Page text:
Jim Walmsley and the PR machine in many ways signified a new era in the sport of ultra-running and not all for the better in my opinion. The hype around the 2017 Western States before the race pretty much had Jim with his buckle, the Cougar and a new CR. The reality was very different. Jim then went to UTMB and showed signs of learning the craft. He watched Francois and Kilian and paced his day. It eventually went wrong but he rallied and closed out strong. A definitive moment for Jim and I was well aware that this would be a turning point for his 100-mile future. He then confirmed he would run on Reunion Island at Raid de la Reunion! While I can admire the decision, for me, it was always going to be a questionable decision in regard to his ‘professional’ development. But I am being judgmental and I hope not in a negative way. I ‘get’ that Jim wanted to run on the island but the step-up from UTMB was huge and despite leading the race, he eventually dropped around the 100km mark. It has been a huge learning year for the fast man and I still hold true that up to 100km, the guy is pretty much un-matched. I am looking forward to seeing him nail 100-miles in 2018 (maybe 2019) and when he does, watch out, it will almost certainly be super-fast and mind blowing. 

Kilian Jornet pretty much was missing from the mountain, ultra and trail calendar for the past 18-months and rightly so. He had set targets on the final summit of his Summits of my Life – Everest. A failed attempt in previous year and then Nepal earthquakes had put things on hold. No bad thing. Kilian learned, progressed and then finally summited Everest twice in one week which blew the minds of the whole world. Of course, anything so amazing has questions raised over it and rightly so. Just recently an article appeared and Kilian responded. Read HERE. More will come to light in regard to Everest and ultimately one has to assume the Everest film will answer all questions. Post Everest, Kilian started running again and won a super-fast Sierre Zinal, he won Hardrock 100 with a dislocated shoulder, placed 2nd behind Francois at UTMB and won Glen Coe Skyline. In the winter, he has had operations on his shoulders and now is in recovery and waiting to get back into the SkiMo season. Kilian has nothing to prove in my eyes. What does 2018 hold? Who knows really, ultimately, Kilian is at the top of his game and he will go where his heart takes him… expect a Zegama appearance, a Hardrock appearance, maybe the Bob Graham will be on the cards and maybe he will be back in Scotland for Glen Coe. Who knows? Whatever the path, he will inspire.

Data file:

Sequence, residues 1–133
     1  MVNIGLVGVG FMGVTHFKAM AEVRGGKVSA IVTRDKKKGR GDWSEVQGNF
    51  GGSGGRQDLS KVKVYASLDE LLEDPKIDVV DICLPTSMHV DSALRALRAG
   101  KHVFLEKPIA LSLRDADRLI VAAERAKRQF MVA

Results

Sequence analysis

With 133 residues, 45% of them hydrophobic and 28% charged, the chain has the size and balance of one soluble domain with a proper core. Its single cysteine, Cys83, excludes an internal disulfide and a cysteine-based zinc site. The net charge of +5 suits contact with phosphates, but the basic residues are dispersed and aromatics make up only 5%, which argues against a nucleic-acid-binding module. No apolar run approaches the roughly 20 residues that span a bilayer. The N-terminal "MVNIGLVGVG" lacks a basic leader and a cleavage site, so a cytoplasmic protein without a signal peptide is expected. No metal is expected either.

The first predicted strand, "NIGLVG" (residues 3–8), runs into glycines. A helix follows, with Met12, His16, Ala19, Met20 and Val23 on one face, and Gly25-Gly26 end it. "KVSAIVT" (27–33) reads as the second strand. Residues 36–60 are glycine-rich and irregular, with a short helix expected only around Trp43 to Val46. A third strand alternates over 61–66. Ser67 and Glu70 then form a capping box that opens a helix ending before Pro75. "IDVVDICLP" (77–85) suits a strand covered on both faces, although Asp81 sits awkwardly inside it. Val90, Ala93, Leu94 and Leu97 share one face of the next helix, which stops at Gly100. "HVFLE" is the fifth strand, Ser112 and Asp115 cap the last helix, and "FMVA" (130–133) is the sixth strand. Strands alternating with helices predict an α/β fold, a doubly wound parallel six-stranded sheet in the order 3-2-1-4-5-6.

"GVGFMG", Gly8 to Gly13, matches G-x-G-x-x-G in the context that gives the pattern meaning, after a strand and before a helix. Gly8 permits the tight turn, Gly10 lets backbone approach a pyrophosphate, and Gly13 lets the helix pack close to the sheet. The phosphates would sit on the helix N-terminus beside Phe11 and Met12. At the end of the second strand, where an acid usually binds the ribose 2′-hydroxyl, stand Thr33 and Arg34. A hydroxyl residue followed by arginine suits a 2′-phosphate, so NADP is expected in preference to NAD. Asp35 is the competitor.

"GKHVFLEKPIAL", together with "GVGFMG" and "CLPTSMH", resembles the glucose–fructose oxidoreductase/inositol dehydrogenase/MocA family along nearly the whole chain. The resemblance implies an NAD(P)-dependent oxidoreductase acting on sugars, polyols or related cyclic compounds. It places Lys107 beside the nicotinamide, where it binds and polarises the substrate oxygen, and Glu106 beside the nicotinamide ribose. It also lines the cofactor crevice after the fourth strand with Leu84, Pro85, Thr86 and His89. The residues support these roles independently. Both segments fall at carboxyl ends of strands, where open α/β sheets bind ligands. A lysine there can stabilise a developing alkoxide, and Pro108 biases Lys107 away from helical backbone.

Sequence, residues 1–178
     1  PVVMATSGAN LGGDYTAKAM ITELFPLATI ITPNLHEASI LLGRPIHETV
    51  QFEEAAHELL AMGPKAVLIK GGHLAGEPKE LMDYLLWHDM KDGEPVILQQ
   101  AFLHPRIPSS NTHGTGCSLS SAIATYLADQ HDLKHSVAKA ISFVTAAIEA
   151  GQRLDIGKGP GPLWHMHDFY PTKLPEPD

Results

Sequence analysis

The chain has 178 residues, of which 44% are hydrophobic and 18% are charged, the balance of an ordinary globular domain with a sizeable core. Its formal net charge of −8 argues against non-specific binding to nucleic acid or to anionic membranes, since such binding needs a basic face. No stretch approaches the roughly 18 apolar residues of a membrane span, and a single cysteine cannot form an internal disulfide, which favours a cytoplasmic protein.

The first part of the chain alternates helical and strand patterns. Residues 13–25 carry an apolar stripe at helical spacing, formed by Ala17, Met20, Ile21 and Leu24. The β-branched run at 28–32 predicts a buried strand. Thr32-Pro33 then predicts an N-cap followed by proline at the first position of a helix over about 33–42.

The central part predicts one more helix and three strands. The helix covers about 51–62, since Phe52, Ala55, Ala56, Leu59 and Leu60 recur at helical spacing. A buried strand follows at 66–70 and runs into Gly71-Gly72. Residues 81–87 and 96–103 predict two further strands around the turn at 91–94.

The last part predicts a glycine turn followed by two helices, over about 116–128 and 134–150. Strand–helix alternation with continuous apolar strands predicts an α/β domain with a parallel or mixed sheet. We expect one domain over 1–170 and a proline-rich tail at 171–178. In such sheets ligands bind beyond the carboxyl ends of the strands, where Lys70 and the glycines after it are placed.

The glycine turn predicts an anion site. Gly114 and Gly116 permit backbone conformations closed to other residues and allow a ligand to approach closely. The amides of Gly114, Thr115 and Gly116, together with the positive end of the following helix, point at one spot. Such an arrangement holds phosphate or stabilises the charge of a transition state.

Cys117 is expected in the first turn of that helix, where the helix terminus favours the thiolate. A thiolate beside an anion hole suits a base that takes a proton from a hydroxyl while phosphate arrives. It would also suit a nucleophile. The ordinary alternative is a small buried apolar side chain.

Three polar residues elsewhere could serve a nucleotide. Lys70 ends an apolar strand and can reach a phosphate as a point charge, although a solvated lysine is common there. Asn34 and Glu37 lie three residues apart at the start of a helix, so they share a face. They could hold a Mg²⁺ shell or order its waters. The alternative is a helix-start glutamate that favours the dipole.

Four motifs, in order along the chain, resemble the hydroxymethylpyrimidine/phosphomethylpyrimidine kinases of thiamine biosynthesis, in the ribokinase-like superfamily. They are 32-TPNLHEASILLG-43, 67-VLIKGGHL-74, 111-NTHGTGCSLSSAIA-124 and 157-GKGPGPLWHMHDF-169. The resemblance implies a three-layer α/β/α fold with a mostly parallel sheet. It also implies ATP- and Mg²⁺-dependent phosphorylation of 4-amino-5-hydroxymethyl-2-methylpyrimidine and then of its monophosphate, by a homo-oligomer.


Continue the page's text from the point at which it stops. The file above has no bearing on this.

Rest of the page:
Camille Herron won Comrades, wow, it is the holy grail of road ultra-running. She then followed with a DNF at Western States and Leadville and I, and others, was left wondering what had happened. Oh, my word has she put the record straight. In recent weeks Camille has set a 100-mile world record 12:42:39, a 100km USA track record 7:36:39 at Desert Solstice and then went on to run for 12-hours and set a 12hr All-Surface World Record 92.708 miles. She is the new Ann Trason and arguably, she will be in for a shout as ultra-runner of the year.

Courtney Dewaulter can push Camille close. This lady won Run Rabbit Run (again) this time losing her vision in the final 10km. She then went on to win Moab 200 (actually 238-miles) outright and then recently ran 250.079km / 155.391 miles in 24-hours setting an American record. Wow!

Nuria Picas came out of the wilderness of 2016 and quite rightly, finally won UTMB. Nuria was unstoppable for many years but the big loop around Chamonix had eluded her, I firmly believe she can consider her career complete with this win!

The UK’s Dan Lawson flew around the Gobi Desert to win with a new CR at the 400km Ultra Gobi. Dan is the UK’s hottest prospect at the long game, particularly when you consider past runs on the Grand Union Canal and 2nd at the iconic Spartathlon.